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Three Days Without The Internet...


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THREE DAYS WITH NO INTERNET… That’s what Embarq-nee-Sprint-the-phone-company said when I told them their DSL modem gave up the ghost. (Giving up the ghost is probably an appropriate Hallowe’en activity.) That’s how long it’ll take Embarq to get a new modem here from wherever it is they come from. The speed and equanimity with which they accepted the idea their equipment had broken down suggests it’s a rather frequent occurrence.

(Obviously, this was written while the Internet was gone, and posted after I got it back.)

I have in fact plenty to do, none of it requiring Internet, and almost no tasks pending that do require Internet. I have one more part to record for Rose’s Halllowe’en radio play (a Canadian mountie), and I can’t even read the part to record it until I have Internet back; it will just have to wait. The newspaper reporter I’d e-mailed about the Harvest Festival gig I can call on the phone.

Otherwise, I’ve got clothes and belongings to unpack, and furniture to move around and find a place for; I’ve been living away from my fambly for my last two jobs—the past three years--just visiting whenever the price of gas permitted. I’ll finally get my glasses fixed, and help the next-door neighbor replace a section of fence on the one day it’s not supposed to rain. I’ve got one more job to apply for (it’s out of town), and Saturday’s gig to get ready for.

MORE PUBLISHING THOUGHTS: The publisher’s biggest function, I think, is marketing. The publisher has a song, to which he’s acquired the publishing rights, and wants to license that song to somebody who will make a whole bunch of records with that song on it. It needs to be a whole bunch of records, because the copyright royalties will only amount to pennies per record. The author will get half free and clear, and the publisher will get half—and hopefully make a profit after recouping all his expenses. There are additional—smaller—revenues from radio airplay (provided the artist is big enough to get noticed by the statistics machines) and Internet downloads from outfits like iTunes and Rhapsody.

Now, I’m creating my publishing company primarily to take care of a couple of legal hassles; I want to ensure my songs can be played on the radio, and I have to make sure the co-authors of a couple of songs on the upcoming CD get paid their rightful shares, because those records, like the last ones, are going to be sold. It of course won’t amount to a lot of money.

But I’d be remiss if I didn’t try to use the existence of a publishing company to market some of my stuff to somebody who could produce more records than I can. Having identified a “target market”—the regionally famous artists and bands—and having determined that there is a need among those folks for good original material to perform and record, how do I meet that need? Or can I?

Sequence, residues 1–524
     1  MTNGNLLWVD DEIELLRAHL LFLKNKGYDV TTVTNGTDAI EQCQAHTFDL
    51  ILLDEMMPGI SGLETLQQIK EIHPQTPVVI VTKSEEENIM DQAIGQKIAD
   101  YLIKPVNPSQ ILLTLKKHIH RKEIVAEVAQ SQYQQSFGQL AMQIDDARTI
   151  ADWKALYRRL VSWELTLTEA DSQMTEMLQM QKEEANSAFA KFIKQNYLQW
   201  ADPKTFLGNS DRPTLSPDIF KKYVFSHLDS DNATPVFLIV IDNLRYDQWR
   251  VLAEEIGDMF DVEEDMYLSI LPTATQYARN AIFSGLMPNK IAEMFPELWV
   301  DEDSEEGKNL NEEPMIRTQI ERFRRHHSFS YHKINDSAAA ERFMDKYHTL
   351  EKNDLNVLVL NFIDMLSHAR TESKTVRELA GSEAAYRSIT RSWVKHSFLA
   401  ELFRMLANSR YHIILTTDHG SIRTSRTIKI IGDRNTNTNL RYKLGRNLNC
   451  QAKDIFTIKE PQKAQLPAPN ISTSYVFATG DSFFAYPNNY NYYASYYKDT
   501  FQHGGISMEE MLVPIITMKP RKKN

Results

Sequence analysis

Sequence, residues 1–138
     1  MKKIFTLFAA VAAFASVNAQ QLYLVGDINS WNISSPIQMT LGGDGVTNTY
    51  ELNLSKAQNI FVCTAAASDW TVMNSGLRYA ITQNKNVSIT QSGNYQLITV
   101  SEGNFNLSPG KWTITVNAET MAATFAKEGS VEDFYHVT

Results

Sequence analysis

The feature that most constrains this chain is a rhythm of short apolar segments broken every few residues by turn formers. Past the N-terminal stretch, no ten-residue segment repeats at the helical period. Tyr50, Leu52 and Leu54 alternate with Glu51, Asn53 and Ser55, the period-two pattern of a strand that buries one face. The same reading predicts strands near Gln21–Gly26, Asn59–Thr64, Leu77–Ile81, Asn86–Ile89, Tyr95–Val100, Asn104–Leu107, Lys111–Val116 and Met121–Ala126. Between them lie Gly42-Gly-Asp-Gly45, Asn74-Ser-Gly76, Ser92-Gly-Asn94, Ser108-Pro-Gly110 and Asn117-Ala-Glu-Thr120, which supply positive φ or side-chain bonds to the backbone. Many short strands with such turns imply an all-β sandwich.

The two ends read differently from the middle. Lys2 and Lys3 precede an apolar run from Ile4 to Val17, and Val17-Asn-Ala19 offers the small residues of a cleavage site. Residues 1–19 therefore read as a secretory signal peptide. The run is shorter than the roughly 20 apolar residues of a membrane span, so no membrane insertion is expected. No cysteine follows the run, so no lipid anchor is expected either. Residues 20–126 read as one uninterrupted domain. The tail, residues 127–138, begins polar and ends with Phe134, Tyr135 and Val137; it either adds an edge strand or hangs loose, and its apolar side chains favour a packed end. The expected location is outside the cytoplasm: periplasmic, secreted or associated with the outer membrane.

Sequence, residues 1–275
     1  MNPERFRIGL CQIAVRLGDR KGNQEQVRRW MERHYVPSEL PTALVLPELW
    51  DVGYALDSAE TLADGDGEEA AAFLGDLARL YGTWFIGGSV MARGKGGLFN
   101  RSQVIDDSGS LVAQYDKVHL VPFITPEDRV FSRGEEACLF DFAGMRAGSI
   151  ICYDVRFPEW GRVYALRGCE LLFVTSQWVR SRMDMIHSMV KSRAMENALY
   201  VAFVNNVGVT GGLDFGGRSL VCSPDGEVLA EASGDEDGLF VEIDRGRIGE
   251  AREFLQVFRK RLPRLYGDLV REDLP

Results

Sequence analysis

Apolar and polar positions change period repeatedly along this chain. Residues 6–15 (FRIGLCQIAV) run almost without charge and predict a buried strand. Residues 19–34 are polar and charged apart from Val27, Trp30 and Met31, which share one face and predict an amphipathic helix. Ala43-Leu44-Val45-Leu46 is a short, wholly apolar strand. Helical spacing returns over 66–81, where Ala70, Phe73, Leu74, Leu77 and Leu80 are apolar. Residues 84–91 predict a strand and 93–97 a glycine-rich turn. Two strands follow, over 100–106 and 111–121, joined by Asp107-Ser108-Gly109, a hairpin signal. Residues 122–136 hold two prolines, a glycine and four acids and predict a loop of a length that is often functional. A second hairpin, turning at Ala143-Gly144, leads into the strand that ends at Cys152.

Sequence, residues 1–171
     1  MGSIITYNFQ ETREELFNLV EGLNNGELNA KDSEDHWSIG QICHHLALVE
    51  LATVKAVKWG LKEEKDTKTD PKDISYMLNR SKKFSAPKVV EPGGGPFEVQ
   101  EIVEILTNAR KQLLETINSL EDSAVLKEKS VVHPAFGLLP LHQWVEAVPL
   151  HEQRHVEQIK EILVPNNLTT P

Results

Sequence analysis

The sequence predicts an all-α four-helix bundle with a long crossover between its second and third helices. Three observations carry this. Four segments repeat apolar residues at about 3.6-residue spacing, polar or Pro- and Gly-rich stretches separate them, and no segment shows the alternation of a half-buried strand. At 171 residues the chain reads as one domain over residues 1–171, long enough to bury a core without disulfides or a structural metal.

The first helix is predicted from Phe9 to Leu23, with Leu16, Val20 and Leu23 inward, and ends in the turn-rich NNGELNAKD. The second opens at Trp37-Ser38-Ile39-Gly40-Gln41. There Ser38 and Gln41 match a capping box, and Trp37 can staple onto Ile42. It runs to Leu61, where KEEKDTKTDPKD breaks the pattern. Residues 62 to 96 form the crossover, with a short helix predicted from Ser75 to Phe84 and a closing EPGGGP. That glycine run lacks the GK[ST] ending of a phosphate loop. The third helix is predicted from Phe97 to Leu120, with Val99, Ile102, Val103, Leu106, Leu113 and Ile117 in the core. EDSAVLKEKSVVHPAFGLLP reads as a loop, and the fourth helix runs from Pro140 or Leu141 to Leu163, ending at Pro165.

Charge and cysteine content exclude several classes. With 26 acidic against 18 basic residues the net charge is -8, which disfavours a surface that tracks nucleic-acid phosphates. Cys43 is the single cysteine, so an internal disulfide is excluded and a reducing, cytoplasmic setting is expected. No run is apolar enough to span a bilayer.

A realistic assessment of the material, first. There are probably a lot of my songs nobody’s likely to want to touch, either because they’re just too strange or because they don’t fit the image the artist or band is trying to project of themselves. That may be a shortsighted view on their part—people want to hear my songs, but not because it’s me that’s performing them—but that attitude exists, and I have to deal with it. That said, my more serious-sounding songs are probably fair game. So are the ones—“Bluebird on My Windshield,” “Hank’s Song,” and “I’m Giving Mom a Dead Dog for Christmas,” for instance—that already are being performed Out There by other people.

How to find those people? Deliberate Random Chance, I think—which is a fancy way of saying “I don’t know.” Catching a record review of southern Oregon’s American Idol escapee was pure chance—but it’s something to follow up on. One can attend performances by regionally important bands and artists, and just ask them (they’re more approachable than famous people), “You guys ever do anything by somebody who isn’t already famous? I might have something that’d work for you, if you’re interested.” And I expect it works like the real estate business, in that over 90% of the time the answer will be “No.”

It’s important, too, to stay in touch with the recording studios—the ones that do professional work, anyway—to find out who’s recording, and where they’re getting their material, and what’s it like, and how do you talk to them. A lot of hunting and not many contacts, probably, because I’m dealing with a very small inventory (just my songs) and a small market, too (those who do country music).

And then what happens when I run into a situation where I know my stuff isn’t going to work, but that of somebody else I know probably will? This is where publishers end up “handling” other authors besides themselves, even if they didn’t intend to. What do I do with those? I don’t know.

Joe

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